The Best Free Transfers in Premier League History
Global football has pretty much come to a halt for the time being so now is the perfect time to take a look at some footballing history. Here we will take a look at some of the best and most fortuitous free transfers in Premier League history.
Sol Campbell – Arsenal
In early July 2001, the media gathered for the unveiling of Richard Wright as Arsenal’s newest signing and expected nothing else. However, out walked a fantastic English centre-half whose future at Tottenham Hotspur had been dominating the summer headlines.
Speaking at the time, Arsene Wenger said, “I had Thierry Henry, who used to pass people for fun. But with Sol, there was a wall. It was as if he was indestructible, such a power spread from him. I wanted him in my side and told David Dein that.”
Dein, the vice-chairman, was quick to act on Wenger’s wishes. He brought Campbell from Spurs to Arsenal and the player helped the team win a league and cup double in his first season. In his third season with the team, he was part of the Invincible squad and then he scored a Champions League final goal in his last season, if we do not count his brief encore in 2010. For a while, England’s greatest centre-half was truly priceless.
James Milner – Liverpool
James Milner’s career is almost a textbook example of progression. He began as a teenager fighting to avoid relegation and he is now one of the league’s top players and could be about to secure his third Premier League title in eighteen highly impressive years.
His number of appearances and goals have also had a steady progression. Beginning at Leeds with 48 appearances and 5 goals, he then had 94 appearances and 6 goals at Newcastle, 100 appearances and 12 goals at Aston Villa, and 147 appearances and 13 goals at Manchester City. Milner is now just a few games away from Liverpool becoming his most regular Premier League club.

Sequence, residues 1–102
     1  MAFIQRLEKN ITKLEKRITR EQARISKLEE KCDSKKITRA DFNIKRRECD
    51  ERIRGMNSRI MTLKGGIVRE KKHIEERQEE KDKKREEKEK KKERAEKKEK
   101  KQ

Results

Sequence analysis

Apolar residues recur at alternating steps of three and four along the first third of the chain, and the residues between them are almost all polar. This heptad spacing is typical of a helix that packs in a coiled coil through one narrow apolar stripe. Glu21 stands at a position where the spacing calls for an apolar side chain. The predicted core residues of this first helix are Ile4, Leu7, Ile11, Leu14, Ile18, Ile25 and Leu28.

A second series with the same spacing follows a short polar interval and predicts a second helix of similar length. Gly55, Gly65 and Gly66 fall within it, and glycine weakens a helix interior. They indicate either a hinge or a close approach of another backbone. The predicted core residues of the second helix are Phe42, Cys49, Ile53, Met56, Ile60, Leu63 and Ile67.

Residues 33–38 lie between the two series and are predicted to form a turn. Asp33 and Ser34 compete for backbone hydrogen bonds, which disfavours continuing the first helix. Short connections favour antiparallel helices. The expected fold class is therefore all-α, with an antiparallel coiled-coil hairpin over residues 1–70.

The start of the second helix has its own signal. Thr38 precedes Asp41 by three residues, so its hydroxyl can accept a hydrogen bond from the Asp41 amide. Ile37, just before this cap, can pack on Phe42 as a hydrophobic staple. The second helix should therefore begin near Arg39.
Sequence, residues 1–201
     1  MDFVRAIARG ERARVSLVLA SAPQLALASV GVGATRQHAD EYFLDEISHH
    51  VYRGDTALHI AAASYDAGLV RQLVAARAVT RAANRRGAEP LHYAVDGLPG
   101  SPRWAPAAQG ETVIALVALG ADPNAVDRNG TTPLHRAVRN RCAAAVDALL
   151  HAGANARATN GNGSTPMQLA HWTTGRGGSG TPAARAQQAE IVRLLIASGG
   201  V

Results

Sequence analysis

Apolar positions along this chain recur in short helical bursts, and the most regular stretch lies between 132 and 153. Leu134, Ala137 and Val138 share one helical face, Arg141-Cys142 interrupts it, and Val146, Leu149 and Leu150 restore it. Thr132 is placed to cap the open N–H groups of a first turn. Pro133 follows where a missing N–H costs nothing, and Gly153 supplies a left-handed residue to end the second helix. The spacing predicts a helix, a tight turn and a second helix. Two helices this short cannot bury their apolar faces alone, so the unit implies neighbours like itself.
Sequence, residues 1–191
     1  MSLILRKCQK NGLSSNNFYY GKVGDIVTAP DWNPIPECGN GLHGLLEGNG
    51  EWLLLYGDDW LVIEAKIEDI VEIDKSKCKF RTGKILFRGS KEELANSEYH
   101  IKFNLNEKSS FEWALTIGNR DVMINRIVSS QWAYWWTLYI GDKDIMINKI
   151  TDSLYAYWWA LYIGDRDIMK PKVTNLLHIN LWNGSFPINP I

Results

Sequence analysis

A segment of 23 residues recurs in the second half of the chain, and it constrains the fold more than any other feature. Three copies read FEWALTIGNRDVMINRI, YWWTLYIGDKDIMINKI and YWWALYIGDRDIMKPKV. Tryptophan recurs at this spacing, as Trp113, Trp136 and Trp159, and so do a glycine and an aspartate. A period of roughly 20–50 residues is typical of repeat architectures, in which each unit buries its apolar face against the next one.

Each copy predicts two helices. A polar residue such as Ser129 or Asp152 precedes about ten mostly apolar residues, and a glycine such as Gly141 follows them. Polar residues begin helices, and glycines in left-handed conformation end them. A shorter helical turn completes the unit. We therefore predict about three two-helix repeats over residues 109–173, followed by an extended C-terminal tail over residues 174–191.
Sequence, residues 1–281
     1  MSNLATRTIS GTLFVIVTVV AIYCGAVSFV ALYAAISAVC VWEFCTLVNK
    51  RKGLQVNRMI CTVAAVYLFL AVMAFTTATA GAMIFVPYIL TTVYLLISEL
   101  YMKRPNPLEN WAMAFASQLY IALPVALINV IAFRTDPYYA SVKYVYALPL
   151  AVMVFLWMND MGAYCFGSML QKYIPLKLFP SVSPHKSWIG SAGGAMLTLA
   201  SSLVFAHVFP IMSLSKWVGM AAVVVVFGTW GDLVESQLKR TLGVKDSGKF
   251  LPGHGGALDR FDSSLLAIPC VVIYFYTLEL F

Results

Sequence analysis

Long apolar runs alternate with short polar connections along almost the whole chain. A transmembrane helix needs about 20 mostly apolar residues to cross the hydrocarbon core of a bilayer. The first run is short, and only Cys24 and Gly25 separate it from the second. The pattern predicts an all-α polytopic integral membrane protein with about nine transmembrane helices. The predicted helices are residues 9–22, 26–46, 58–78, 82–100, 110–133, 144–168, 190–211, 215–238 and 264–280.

Very few people would have predicted this situation when Milner joined under Brendan Rodgers in 2015. However, he has exceeded all expectations, performing admirably in a variety of roles. Without him, the team would certainly not be where they are today.
Brad Friedel – Blackburn
In November 2000, Graeme Souness was working hard to mend his reputation as a manager. While he won three Scottish titles in four years at Rangers, he went on to make some terrible errors at Liverpool. After some moving around, he eventually took over from Brian Kidd at Ewood Park.
After his first full season with the team, they were promoted and he won the League Cup with them in his second. In between the two seasons, Brad Friedel was signed. The move gave Friedel the stable platform that he needed to thrive. Friedel went on to set new standards of longevity and durability in the top flight. Only Edwin van der Sar kept more Premier League clean sheets, with 88, than Friedel did during his time at Blackburn, 77.
Jay-Jay Okocha – Bolton
For many people, Jay-Jay Okocha was the standout player of the 1998 FIFA World Cup. His performances earned him a place in the team of the tournament as well as the title of the most expensive African footballer of all time when he later moved to Paris Saint-Germain. He signed a four-year deal with the team, but they were relatively empty years and he then moved again after captaining Nigeria at the 2002 FIFA World Cup.
Bolton was not an obvious destination for Okocha. The team had just finished sixteenth in the Premier League and ended their campaign with three consecutive defeats. However, he helped the team become one of the most iconic in Premier League history and was instrumental to them reaching Europe before his departure in 2006.
Highlights of his time with the team include the League Cup semi-final free kicks against Aston Villa and the thunder bastard long-range goal at West Ham. He was a captivating player to watch and one that will not be forgotten in a hurry.
Zlatan Ibrahimovic – Manchester United
In some ways, signing Zlatan Ibrahimovic is symbolic of many of Manchester United’s problems since the departure of Sir Alex Ferguson. He was 34 years old, demanded extremely high wages and was an obstacle to younger players. However, Jose Mourinho was trying to create a different mentality at the team.